Green Days

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Green is usually associated with Kermit the Frog, a certain Spider-Man villain, leprechauns and money. It’s also been the dominant colour of the Canberra Raiders.

The Raiders have been wearing green since 1982, along with blue and yellow stripes (the official colours of the ACT). For those wondering, Canberran Patricia Taylor devised the lime green jersey, with four blue, yellow and white armbands. The green represented Hall Rugby League Club, the first in the ACT.

Unlike the iconic lime green, the Raiders logo was stolen from the Oakland Raiders, after original coach Don Furner spent time with the NFL team. Canberra’s logo resembled a stern viking rather than Oakland’s one-eyed pirate.

Canberra’s original jersey lasted from 1982-1996, through the club’s triple premiership era. There were some minor variations (like the collar alternating from white to blue), but the basic design remained. The lime green was also used for a tie-in with major sponsor Canberra Milk.

When Canberra joined Super League in 1997, a new jersey came with it. Due to the incredible lack of imagination, Canberra and Brisbane had the exact same jersey design. Predominately white, the Raiders Super League jersey had a green back with green spikey shoulder thingies, a blue collar and three blue arrows. The Raiders wore this strange jersey in the 1998 and ’99 NRL seasons before a much-needed makeover. While Brisbane have brought back their old Super League jersey, the Raiders have left theirs in the closet. Considering Super League was the last time Canberra got close to a grand final, maybe they should bring it back.

A new millennium meant a new look for Canberra, and it was quite dramatic. First was the logo update; gone was the old grey viking in the green and yellow circles, replaced by another viking with a striking lime-and-dark-green beard. While the basic design was similar, the multi-coloured beard made it stand out. Canberra’s new jersey was a departure from tradition, the green was much darker, accompanied by fluro yellow and black. The away jersey was a simple reversal, with white replacing dark green. While the addition of black was a surprise, it was still relatively faithful to the club’s colours.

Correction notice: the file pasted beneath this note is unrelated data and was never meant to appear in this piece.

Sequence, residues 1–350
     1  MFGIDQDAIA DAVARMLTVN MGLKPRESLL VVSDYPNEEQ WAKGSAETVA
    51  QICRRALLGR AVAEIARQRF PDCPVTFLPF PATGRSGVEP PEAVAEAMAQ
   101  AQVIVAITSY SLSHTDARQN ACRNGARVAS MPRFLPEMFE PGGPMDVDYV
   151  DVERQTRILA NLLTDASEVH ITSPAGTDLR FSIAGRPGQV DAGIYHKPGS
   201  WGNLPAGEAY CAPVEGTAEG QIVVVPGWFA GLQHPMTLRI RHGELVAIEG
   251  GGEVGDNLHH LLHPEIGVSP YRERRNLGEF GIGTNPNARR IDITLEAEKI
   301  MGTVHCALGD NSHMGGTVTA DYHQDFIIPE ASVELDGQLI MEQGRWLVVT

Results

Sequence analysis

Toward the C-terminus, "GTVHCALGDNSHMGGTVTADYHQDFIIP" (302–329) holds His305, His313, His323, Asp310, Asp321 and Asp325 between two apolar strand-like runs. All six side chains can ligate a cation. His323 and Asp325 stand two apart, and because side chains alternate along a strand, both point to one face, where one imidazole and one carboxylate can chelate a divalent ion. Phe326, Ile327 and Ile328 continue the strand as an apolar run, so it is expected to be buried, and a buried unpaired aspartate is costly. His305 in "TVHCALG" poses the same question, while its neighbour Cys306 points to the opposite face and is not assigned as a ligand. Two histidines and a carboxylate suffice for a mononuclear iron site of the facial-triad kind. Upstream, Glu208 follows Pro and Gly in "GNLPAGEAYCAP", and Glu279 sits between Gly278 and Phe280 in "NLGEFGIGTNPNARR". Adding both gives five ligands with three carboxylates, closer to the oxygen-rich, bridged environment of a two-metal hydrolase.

The Raiders rebooted their jersey in 2003, with lime green and the traditional stripes returning. The stripes were much more prominent, draped across the shoulders and down the sides. The new (old) look signalled a much-needed return to form, with the Raiders finishing fourth but losing to Melbourne and the NZ Warriors in the finals.

Canberra celebrated their 25th anniversary in 2006 and went back to the original design. Yes, the green was darker, and the sleeve sponsors obscured the traditional white, blue and yellow stripes, but it was still a good jersey. The jersey gradually morphed to the heritage lime green, which they kept until 2012.

Canberra’s 2012 jersey was controversial. Going back to the darker green, the blue, yellow and white V stripes were too similar to the Sydney Roosters jersey. Again the away jersey was a simple green-to-white reversal.

Canberra’s current jersey returned the lime green and the traditional armbands, located on the shoulders, unimpeded from the sleeve sponsor. We’ll conveniently forget the horrible yellow away jersey for now.

Canberra have had plenty of alternate jerseys as well; ANZAC, Women In League, Auckland Nines, Indigenous, Heritage and a special centenary of Canberra blue and yellow jersey. The Raiders were also a part of the Marvel Super Heroes promotion, wearing a Hulk jersey in 2014 and 2015, which includes a torn chest revealing green Hulk abs. While a good initiative, Canberra have lost both Hulk games. It’s likely to continue, so the hoodoo can be broken.

In 33 years, Canberra have stuck to the basic lime green with the blue and yellow stripes. Kermit would be proud.

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